By Bernie Siegal, Thermal Engineering Associates, Inc.
A thermal test chip is usually designed to help thermal engineers answer critical thermal packaging or material questions. These chips can be divided into to basic groups one for general purpose applications and the other for thermal simulation of a very specific application chip. The former group is used for package characterization in standard or application-specific thermal environments, heat sources in multi-chip packages (MCMs), and system-level thermal studies. The latter group targets specific chip designs that have complex heat generation topologies such as multi-core processors or system-on-a-chip designs and are designed on a one-for-one basis. Thermal test chips for the latter group are usually designed by the manufacturer of the corresponding application chip as a tool to help their customers get started on the thermal design efforts well before the application chip design and fabrication is done.
The general-purpose thermal test chip must meet the following key requirements:
This paper describes a thermal test chip that meets these requirements in the simplest manner possible. It has a standard heat source with integrated temperature sensors in a format that can handle both wire bond and bump chip configurations in a scaleable array size. This allows a single wafer to supply various array sizes to meet changing requirements.
The thermal test chip described herein is based on a unit cell that has two resistors and four diode temperature sensors in each cell (Figure 1). The resistors are deposited metal film resistors that have resistance values suitable for laboratory measurements. Each resistor is 7.6Ω nominal, a value chosen to better realize a wide power dissipation range using normally available laboratory power supplies. The two resistors are laid out to occupy 86% of the available area within the electrical contact pads, thus conforming to the JESD51-41 85% coverage requirement; the resistor layout is shown in Figure 2. Note that each resistor has two contacts at each end. One contact at each end is used for the power connection while the other is used for measurement; this 4-wire Kelvin Connection eliminates contact resistance problems during voltage measurements across the resistor. The metal film resistors offer better resistance uniformity a (typically ≤±5%) cross the wafer and ≤±2% across a 4×4 array of cells and also have low-resistance temperature coefficient values. This attribute results in relatively constant power dissipation over the course of thermal measurements. The designed current handing of each resistor, connection trace, and pad is 1A, allowing the 7.6Ω resistor to dissipate >7W each.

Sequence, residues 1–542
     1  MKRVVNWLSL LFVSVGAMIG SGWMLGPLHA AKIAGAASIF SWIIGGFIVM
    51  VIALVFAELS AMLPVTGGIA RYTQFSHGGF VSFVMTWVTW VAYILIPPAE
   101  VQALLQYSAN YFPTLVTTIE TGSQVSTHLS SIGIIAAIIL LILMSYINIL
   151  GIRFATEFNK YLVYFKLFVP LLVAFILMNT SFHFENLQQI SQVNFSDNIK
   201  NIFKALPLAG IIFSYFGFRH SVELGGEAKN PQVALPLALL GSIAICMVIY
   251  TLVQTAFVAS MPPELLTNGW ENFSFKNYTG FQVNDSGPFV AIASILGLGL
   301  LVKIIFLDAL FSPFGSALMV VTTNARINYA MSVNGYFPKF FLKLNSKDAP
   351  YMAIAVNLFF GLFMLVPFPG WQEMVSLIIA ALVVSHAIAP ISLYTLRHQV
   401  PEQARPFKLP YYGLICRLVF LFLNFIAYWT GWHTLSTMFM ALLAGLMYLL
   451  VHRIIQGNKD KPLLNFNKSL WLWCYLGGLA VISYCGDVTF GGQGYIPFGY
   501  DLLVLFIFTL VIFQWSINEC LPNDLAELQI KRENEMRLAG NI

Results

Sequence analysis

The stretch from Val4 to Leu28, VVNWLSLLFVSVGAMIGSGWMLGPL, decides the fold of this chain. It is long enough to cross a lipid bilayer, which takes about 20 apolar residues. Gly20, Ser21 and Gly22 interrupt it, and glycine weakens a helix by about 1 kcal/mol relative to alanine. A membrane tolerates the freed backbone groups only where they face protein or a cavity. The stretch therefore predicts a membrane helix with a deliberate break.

The four temperature sensing diodes are strategically placed at the center, two diagonals and a center edge, as shown in Figure 2. These four locations re-present the usual areas of concern when making thermal measurements and are replicated in an array so that there is always a center, two diagonals and a center edge temperature sensor in an array no matter how the array is laid out. The characteristics of the diodes are such that a precision 1mA current source will produce a nominal 0.7V across the diode at TJ = 25°C. The relationship between VF and TJ is well known and, with calibration, the diode makes an accurate temperature sensor. Each diode is connected to a conductive metal line that runs from one edge of the cell to the opposite edge. This allows Measurement Current (IM) to be applied to two edges of the cell while Forward Voltage (VF) measurements are made using separate contacts on the two other edges of the cell.